Salary GAP

Rushikesh (Chartered Accountant - Manager Finance)   (2375 Points)

30 May 2008  


India Inc's top managers earn 19 times of entry-level staff

NEW DELHI: The million-dollar pay packets of top executives is exaggerating the difference between salaries paid at the top and bottom rung of India Inc. The ratio between the pay packet of top management and entry level white-collared employees is averaging around 19 times, which is much higher than the global level and is infact the highest in the world.

The corresponding multiple for most developed countries which figure in the bracket of 9-15 times, according to a Hewitt Associates study. Whats more the average salary multiple for China, another emerging market, is also much lower at around 8-10 times.

If anything, the data for India understates the salary differential. For instance, several CEOs are being paid in the Rs 5 crore range, which would mean that the differential multiple would be nearer 100.
However, Hewitt has taken a more liberal definition of top management. It has defined top management as those heading the key verticals of a company and their salary derived as an average of the top team. The average salary of the top management still hovers between Rs 50 lakh to Rs 1 crore. The entry level salaries in new economy sectors have pushed up the overall average for those in the lowest rung of a company but much lesser in comparison to those at the top.

Explains Hewitt Associates' business leader-consulting Sandeep Chaudhary: "The disparity is due to the push to build pay parity across the region for senior and top executives."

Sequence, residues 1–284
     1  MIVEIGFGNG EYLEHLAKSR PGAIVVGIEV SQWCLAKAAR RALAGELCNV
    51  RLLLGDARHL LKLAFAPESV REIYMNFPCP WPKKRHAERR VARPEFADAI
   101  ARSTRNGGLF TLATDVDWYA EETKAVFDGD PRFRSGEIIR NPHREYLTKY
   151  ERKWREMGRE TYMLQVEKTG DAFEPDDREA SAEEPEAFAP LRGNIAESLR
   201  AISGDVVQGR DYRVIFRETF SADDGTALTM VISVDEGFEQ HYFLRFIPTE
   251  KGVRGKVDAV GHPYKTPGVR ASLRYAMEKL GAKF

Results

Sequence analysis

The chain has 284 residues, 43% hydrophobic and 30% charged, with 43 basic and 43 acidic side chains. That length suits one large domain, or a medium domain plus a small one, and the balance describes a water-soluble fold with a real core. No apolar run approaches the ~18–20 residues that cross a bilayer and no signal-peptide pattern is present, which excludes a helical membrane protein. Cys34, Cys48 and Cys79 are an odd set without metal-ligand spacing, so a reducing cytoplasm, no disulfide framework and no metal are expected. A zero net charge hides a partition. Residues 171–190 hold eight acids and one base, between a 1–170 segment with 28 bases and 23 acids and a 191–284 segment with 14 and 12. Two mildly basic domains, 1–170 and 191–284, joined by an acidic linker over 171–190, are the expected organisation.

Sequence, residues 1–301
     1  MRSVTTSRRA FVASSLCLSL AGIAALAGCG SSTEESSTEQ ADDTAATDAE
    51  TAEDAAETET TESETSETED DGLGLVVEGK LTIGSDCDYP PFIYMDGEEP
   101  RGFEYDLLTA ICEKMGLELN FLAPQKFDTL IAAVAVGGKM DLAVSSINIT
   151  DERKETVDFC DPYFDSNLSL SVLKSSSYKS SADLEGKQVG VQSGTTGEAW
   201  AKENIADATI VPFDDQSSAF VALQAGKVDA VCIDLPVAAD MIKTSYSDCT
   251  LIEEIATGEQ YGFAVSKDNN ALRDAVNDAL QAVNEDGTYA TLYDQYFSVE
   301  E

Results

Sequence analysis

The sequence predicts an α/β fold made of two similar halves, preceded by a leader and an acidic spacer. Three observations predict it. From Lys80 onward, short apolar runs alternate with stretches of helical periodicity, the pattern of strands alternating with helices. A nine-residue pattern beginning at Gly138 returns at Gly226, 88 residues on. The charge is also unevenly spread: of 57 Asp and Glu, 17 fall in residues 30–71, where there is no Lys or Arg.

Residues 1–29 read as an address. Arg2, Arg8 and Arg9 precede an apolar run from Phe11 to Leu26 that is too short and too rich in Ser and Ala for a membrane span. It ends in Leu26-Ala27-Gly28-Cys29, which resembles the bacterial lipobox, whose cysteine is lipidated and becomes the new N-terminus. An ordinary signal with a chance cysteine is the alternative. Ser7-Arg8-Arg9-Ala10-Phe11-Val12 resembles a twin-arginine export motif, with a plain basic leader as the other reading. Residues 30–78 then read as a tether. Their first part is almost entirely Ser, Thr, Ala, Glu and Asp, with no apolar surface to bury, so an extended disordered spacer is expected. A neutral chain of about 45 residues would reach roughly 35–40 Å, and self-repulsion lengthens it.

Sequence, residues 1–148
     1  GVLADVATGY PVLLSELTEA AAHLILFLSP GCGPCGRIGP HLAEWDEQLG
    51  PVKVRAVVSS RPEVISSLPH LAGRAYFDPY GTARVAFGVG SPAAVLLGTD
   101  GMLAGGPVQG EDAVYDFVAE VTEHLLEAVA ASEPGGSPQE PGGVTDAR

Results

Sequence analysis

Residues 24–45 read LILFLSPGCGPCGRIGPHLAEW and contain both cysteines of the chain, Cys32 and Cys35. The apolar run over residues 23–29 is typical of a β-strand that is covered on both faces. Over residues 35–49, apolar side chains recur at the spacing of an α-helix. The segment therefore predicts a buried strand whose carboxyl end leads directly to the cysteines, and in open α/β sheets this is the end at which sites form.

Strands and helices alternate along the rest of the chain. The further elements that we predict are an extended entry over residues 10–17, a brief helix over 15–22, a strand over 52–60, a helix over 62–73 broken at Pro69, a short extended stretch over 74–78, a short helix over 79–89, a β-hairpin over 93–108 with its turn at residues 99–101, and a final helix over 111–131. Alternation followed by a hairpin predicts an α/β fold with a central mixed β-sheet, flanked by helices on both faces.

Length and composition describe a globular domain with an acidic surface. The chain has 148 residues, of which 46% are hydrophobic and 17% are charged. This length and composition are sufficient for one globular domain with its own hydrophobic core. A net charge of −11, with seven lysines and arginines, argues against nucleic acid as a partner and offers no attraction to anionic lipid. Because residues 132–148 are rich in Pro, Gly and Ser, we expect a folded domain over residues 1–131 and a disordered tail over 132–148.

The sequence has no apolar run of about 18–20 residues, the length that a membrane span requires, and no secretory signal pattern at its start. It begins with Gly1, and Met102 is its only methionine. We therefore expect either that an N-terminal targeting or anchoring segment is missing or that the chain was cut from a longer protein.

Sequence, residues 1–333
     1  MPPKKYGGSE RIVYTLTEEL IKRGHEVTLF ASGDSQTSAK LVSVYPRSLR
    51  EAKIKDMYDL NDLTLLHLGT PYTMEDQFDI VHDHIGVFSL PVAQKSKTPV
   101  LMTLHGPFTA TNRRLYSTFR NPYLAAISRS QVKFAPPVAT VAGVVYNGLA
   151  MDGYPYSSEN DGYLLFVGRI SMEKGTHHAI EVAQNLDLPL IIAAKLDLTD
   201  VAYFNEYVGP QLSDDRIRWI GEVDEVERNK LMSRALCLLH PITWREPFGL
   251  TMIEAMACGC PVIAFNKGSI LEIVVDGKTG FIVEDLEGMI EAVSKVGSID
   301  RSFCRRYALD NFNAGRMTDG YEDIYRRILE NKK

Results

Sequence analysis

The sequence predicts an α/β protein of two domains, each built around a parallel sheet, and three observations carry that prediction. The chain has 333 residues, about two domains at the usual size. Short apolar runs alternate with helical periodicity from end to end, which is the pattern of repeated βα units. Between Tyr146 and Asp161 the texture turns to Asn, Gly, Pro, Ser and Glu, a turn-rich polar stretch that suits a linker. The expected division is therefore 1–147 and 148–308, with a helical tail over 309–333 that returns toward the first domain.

The cross-geography parity is already happening at the top level. "The salaries of top executives have globalised more quickly as compared to mid-level salaries. For instance, while a junior or mid-level manager in the US might be earning similar to a senior manager in India, a CXO in India earns almost the same as a CXO in the US," according to ITeS HR consulting outfit Aspire's CEO Amit Bhatia. This is reflected in the influx of many expat CXOs in India.

There's also the historical supply factor. "One of the reasons can be linked to the limited number of management graduates who passed out two decades ago and are in top management today. Companies are left with little choice but to offer huge compensations as an attractive tool at the executive levels," says Mercer India business leader-human capital Padmaja Alaganandan.

Labour market analysts attribute the trend to the abundant supply for entry level employees across sectors. The basic level of skill requirement at the low end stacked against the availability of personnel who are entering the job market, has kept pay hikes sticky at the lower level. This also reflects in the salary of the junior managerial staff.

As compared to this, the talent crunch particularly at the critical middle and top management level has been pushing up their price tags. Moreover as Indian companies are going global and adding size the demands of a CEO is matching up with any other multinational and so is their asking price.

Incidentally, the gap at the government level in India is much lower compared to that in the private sector. While the sixth pay commission suggestions for revised pay scales for government employees has come under attack over pay disparity, the pay multiple there is much lower.

The salary multiple purely on the basis of basic salary, given the new pay scales, is around 15 times between the lowest rung of employee and the cabinet secretary. An apple to apple comparison for the first level supervisor to the top bureaucrat would be even narrower.